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Court orders tar sands corporations to list contents of tailings

Court orders oilsands to list contents of tailings
Ecojustice lawyers convince judge to overrule environment minister

By Hanneke Brooymans, The Edmonton Journal
May 28, 2009

More information about the toxic content of oilsands tailings ponds that sprawl over 130 square kilometres in northeast Alberta will soon be made public because of a Federal Court decision.

The information will allow authorities to plan properly for a potential catastrophe, like a breach of the dikes that hold the tailings water, said a lawyer with Ecojustice, the legal organization that represented MiningWatch Canada and Great Lakes United.

They successfully challenged the federal government's unwillingness to collect this information from mining companies in 2007. Their original target was metal mines, but the court ruling is broad enough to include oilsands mines.

In late April, Federal Court Judge James Russell ruled that Canada's environment minister made a mistake in thinking the Canadian Environmental Protection Act did not require mining companies to report the material that ends up in tailings and waste rock disposal areas.

Other large industries and institutions are required to report all their toxic emissions. That information is in a public database system called the National Pollutant Release Inventory, managed by the federal government.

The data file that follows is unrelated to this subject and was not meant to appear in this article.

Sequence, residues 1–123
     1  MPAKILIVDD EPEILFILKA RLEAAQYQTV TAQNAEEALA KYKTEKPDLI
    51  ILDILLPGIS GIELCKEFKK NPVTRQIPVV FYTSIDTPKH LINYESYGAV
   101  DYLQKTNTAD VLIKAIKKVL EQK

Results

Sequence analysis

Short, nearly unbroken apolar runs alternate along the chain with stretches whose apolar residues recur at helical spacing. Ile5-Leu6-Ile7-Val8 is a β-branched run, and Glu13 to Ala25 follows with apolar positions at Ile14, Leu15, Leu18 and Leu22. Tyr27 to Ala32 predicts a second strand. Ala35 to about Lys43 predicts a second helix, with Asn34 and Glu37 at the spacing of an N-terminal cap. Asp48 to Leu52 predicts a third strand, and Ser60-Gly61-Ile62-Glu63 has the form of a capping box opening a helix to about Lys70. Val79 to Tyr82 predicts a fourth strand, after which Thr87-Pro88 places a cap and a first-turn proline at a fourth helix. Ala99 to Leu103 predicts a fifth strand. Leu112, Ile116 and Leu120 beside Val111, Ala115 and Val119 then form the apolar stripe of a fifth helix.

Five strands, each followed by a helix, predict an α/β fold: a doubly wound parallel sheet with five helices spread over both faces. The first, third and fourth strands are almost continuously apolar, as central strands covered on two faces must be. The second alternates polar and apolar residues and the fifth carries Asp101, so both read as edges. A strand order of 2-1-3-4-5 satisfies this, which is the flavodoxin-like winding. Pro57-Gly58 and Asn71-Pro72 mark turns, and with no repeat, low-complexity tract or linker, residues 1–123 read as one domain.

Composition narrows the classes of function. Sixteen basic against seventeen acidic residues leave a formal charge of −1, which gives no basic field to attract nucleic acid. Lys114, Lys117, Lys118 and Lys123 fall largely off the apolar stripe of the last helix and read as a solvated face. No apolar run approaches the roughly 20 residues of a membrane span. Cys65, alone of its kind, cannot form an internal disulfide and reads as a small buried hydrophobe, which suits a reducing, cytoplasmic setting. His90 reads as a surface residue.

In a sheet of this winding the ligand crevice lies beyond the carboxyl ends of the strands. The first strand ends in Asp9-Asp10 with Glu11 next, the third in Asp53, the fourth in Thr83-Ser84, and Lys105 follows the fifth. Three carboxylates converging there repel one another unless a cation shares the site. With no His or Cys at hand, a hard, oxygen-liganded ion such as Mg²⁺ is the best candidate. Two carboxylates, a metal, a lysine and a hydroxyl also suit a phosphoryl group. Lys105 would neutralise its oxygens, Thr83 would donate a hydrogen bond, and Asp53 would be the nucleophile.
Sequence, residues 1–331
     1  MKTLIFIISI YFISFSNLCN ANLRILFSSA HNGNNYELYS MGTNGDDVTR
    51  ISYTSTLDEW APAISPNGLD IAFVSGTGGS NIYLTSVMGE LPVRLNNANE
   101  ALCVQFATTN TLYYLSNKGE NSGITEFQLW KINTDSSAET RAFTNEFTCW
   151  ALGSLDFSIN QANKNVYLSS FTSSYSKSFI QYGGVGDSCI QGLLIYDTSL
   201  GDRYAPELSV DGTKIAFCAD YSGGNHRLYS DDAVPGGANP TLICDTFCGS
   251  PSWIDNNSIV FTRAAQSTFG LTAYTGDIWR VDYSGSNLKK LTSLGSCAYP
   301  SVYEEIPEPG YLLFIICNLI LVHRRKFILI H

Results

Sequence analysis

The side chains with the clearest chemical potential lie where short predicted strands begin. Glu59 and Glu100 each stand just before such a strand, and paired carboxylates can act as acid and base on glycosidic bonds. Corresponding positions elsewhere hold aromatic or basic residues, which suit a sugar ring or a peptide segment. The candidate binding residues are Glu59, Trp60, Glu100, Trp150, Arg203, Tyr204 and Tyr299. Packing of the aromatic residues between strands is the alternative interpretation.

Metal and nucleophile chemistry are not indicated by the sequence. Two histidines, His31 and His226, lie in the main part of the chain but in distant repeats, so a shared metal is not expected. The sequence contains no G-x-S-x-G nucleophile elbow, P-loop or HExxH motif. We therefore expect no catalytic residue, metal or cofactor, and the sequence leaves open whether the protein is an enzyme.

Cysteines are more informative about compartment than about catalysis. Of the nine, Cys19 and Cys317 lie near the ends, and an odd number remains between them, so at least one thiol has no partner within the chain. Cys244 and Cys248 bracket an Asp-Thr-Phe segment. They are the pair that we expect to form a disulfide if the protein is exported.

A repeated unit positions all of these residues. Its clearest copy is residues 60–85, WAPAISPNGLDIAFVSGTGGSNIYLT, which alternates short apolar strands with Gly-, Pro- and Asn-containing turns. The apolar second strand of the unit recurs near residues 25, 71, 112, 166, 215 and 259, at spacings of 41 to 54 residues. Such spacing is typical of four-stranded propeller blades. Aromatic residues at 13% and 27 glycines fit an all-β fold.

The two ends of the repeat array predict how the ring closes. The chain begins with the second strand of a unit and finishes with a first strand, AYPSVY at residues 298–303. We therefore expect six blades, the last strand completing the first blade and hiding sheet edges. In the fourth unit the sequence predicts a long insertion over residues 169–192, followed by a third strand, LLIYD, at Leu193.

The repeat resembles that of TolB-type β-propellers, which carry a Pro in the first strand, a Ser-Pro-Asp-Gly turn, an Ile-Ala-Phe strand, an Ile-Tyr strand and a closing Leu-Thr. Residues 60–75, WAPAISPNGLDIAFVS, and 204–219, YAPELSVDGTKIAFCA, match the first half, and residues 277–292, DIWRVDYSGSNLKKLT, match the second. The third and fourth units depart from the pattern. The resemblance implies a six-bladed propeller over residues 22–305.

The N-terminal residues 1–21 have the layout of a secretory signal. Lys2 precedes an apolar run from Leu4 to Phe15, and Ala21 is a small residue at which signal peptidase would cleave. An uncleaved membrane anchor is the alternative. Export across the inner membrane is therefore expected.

Earlier this week, Environment Canada told the environment groups that it won't appeal the judge's decision.

Ecojustice lawyer Justin Duncan said it's important to know what's going into the oilsands tailings ponds.

"I think we've got evidence that a lot of these things leak," he said.

It's useful for the public to know what's in the ponds so people can tell the government how they think the facilities should be regulated, he added.

Travis Davies, a spokesman for the Canadian Association of Petroleum Producers, said there "needs to be a lot more clarity about what exactly is going to be recorded, and what, and when."

Alberta Environment supports the Federal Court ruling, said Ogho Ikhalo, a ministry spokeswoman.

A set of rules introduced this year by the Energy Resources Conservation Board will complement the new federal requirements, Ikhalo said.

Until now, oilsands companies were required to tell the government the amount of tailings they produced each year. But now they will also be required to provide a breakdown of what's in the tailings, she said.

Tailings are composed of water, sands, silt, clay and residual bitumen from the oilsands extraction processes. Oilsands tailings also contain more toxic components, such as naphthenic acids, ammonia, benzene, toluene, creosols, asphaltene, phenols and polycyclic aromatic hydrocarbons, says a 2008 paper by a Natural Resources Canada scientist. There are also heavy metals, such as arsenic and lead.

© Copyright (c) The Edmonton Journal


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